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I take no joy in disagreeing with Lit, but my opinion on Tojiro differs from his. I find them too thick behind the edge leading to pronounced wedging resistance.
Tojiro handles are also indifferently finished (sanded) and squarish in cross section, thus clunky feeling in the hand where more agility = more precision.
I have a couple of them and both have spent considerable time pressed against my 1 x 42 belt sander to thin the blades and un-clunk the handles.
Shun & Mac are hardly the acme of current kitchen knife offerings, but both will cut right out of the box without need for modification.
I have the DP Nakiri but neve use it. It's one of 8 or so knives I bought a few months back exploring different shapes and seeing what I'd like.
I bought a Konosuki HH stainless and could sell most of the rest and never miss them. For tasks where a Japanese laser is suitable the Kono just spoils you for others. I even use it carefully to work apart acorn squash - the thinness is really addicting.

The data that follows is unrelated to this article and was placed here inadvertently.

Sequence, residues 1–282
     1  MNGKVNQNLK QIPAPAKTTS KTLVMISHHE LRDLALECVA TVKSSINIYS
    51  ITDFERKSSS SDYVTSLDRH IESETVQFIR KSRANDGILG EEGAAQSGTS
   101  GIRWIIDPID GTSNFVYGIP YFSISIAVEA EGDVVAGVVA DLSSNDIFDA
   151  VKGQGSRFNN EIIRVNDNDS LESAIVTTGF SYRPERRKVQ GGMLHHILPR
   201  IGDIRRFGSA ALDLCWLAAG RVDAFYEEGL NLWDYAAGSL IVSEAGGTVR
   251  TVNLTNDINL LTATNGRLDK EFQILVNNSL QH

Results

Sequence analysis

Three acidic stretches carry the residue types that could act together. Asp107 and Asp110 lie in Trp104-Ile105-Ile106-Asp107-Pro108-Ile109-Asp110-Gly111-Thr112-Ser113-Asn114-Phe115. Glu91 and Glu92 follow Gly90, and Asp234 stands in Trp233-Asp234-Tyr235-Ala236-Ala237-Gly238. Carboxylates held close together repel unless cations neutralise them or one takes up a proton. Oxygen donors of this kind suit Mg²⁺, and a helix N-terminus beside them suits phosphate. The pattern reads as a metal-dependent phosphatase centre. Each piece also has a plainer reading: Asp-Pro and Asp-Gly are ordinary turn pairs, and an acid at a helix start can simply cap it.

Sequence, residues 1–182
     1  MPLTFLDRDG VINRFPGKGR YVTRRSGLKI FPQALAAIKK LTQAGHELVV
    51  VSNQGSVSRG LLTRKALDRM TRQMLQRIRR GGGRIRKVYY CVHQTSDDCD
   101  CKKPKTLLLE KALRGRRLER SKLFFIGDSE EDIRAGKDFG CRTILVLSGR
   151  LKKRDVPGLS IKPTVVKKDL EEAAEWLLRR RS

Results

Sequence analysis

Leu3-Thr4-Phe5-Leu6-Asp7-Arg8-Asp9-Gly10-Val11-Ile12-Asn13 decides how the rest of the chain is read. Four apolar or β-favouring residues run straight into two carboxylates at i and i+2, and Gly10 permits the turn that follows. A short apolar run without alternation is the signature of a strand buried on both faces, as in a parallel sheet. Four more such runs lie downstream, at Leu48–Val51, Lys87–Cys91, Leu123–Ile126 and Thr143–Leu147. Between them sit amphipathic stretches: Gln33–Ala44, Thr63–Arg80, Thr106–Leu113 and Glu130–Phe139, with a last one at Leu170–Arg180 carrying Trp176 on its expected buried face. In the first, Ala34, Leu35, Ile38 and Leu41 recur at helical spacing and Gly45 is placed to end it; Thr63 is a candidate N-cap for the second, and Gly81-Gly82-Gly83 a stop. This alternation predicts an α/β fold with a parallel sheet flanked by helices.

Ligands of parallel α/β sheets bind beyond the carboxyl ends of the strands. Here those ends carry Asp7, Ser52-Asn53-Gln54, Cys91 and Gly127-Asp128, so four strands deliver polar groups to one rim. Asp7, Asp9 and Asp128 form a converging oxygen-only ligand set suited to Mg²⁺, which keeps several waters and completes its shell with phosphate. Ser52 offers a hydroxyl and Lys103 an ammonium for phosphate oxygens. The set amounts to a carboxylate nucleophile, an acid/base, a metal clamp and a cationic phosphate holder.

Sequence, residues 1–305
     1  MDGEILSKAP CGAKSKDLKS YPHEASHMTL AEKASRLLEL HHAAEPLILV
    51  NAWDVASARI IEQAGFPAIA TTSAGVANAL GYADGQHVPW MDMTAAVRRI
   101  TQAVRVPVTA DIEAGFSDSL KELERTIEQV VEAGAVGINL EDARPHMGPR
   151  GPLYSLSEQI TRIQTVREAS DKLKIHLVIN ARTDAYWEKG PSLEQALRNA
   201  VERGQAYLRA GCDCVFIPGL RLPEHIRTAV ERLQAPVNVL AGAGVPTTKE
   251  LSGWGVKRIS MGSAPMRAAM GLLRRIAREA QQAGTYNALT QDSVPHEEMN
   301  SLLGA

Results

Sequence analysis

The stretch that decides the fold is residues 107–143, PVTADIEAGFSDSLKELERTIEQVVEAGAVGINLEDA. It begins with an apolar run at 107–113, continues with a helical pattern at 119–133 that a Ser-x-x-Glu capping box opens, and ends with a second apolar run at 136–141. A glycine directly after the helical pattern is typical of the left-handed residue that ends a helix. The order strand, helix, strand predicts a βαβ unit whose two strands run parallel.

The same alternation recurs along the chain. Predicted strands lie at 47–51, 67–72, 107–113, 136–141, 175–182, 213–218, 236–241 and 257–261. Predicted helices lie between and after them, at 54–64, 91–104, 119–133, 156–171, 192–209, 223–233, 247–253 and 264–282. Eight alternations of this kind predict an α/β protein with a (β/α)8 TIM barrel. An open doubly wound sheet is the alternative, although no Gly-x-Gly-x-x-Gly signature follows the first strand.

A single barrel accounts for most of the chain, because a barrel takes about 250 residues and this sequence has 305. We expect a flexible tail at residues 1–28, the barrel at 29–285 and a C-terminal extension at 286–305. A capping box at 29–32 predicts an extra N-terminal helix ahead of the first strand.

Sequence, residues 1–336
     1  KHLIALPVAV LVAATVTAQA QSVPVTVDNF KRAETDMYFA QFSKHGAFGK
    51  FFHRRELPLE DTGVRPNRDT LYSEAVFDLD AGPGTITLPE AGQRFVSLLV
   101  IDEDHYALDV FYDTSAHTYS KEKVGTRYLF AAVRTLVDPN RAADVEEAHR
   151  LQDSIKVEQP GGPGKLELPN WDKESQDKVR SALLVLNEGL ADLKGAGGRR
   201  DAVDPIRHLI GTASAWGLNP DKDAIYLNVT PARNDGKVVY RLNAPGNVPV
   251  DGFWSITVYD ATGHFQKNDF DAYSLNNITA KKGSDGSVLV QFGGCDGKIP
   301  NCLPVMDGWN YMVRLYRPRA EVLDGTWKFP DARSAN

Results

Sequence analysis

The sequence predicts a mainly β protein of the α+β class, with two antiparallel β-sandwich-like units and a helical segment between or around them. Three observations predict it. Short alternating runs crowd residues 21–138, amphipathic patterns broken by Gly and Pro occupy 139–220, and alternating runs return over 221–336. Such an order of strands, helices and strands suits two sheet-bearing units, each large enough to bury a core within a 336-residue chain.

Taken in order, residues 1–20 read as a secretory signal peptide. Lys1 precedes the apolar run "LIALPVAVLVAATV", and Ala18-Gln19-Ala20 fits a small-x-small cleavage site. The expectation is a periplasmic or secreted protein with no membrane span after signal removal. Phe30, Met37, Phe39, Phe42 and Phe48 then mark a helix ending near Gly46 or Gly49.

For most meat cutting I use an Artifex AEB-L steel gyuto that I thinned a great deal (holy crap it was a bad wedger), but the handle is too small so I might look for another 'thick' blade gyuto.
The other knife I'd keep is a Tojiro DP Honesuki boning knife - worked over extensively. With a cutco parer my wife bought from some poor kid I think those 4 would get me by, and I cut up a lot of veggies these days.
Seems you like thin knives. My favorite knife is my Takeda 240mm Gyuto. Would never use it to cut anything with a bone but it is the sharpest and friendliest kife to cut with I own.
I like the wa handle. My two 240mm gyutos are both wa handled. Strange at first, then you realize your hand is never struggling for the right position on it.
PM me your address and I'll loan you my Nakiri for a couple weeks if you want to agree to send it back when done. Might scratch that itch for you.